In an op-ed published in the Sacramento Bee, CSI Director Karthick Ramakrishnan made the case for greater investments in the large and fast-growing Asian American electorate: “Hopefully, [the 2018 elections] will prove to national and state political parties the value of Asian-American voters and increase the kinds of investments that Democrats and Republicans alike make in ensuring robust participation among the state’s fastest growing racial group.”

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In the News: “41 Latinos in Congress. 2 races still undecided”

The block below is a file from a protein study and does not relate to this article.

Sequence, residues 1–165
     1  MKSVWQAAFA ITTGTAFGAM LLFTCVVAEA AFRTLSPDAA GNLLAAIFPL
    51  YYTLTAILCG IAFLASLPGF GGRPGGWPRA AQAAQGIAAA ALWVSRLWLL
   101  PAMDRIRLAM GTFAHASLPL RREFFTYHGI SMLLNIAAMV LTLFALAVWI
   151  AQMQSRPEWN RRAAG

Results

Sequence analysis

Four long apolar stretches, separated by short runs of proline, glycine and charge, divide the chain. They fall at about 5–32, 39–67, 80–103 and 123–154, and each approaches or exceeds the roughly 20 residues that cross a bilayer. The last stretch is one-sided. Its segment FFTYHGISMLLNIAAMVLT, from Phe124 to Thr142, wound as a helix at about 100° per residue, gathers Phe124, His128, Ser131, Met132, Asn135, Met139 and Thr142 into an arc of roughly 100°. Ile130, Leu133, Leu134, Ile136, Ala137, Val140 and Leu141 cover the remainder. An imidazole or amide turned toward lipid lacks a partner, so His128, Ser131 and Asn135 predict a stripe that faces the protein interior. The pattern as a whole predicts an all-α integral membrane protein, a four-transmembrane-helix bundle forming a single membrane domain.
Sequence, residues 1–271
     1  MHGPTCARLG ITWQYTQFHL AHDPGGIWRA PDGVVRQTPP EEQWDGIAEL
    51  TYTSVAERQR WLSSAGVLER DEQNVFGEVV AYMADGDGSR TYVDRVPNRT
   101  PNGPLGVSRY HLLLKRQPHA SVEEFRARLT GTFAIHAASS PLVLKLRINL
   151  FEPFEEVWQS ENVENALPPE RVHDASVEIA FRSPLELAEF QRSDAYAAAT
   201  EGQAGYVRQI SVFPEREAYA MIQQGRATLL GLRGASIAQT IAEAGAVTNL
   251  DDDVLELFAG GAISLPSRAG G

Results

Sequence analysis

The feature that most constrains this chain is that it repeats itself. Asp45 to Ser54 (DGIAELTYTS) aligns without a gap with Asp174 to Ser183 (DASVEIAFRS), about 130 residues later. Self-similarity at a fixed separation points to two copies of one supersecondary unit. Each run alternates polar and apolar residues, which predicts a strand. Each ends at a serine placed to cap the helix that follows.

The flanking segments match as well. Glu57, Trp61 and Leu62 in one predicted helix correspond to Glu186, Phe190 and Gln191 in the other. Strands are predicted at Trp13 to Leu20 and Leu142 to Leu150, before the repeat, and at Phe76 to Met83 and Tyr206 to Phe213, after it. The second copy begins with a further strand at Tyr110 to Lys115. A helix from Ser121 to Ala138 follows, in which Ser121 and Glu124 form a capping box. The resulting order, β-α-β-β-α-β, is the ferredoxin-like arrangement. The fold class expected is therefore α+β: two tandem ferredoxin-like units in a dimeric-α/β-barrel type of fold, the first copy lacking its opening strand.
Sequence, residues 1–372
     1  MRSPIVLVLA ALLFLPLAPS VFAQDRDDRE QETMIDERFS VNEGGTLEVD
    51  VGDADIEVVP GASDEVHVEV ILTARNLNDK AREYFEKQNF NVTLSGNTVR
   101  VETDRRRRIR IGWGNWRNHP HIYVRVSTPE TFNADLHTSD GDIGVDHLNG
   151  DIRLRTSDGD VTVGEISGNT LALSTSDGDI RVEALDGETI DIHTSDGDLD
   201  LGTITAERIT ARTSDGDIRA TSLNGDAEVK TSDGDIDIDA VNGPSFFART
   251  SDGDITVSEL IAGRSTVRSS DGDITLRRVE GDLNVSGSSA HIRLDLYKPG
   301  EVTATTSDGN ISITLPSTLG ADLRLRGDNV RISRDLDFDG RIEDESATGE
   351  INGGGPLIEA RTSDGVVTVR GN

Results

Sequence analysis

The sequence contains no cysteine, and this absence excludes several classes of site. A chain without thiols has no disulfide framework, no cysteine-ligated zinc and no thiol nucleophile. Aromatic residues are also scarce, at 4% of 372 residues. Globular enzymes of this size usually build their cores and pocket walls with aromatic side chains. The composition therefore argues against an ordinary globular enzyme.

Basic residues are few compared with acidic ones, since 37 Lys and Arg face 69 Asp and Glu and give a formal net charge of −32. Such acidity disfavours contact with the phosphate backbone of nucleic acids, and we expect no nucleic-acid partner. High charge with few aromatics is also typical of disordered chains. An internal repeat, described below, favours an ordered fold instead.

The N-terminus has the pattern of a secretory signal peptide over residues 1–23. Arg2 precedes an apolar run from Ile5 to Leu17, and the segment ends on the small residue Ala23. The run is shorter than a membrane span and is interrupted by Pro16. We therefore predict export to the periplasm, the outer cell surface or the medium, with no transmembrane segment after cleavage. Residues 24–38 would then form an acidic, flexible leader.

This article by the Associated Press, published in various outlets including the New York Times, notes that the number of Latino members of Congress will increase following the 2018 midterm elections. Professor Francisco Pedraza, co-director of our Civic Engagement Group at CSI-UCR, noted the significance of these gains.

“Francisco Pedraza, a political scientist at University of California, Riverside, thinks a small increase in the number of Latinos in Congress is very important because it happened despite redistricting that followed Republican victories in the 2010 election.

‘In 2014 and in 2016 elections it was not that obvious,’ Pedraza told The Associated Press. ‘Today we see the importance of all the changes brought after the 2010 election.'”

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CSI Welcomes Associate Director Marlenee Blas Pedral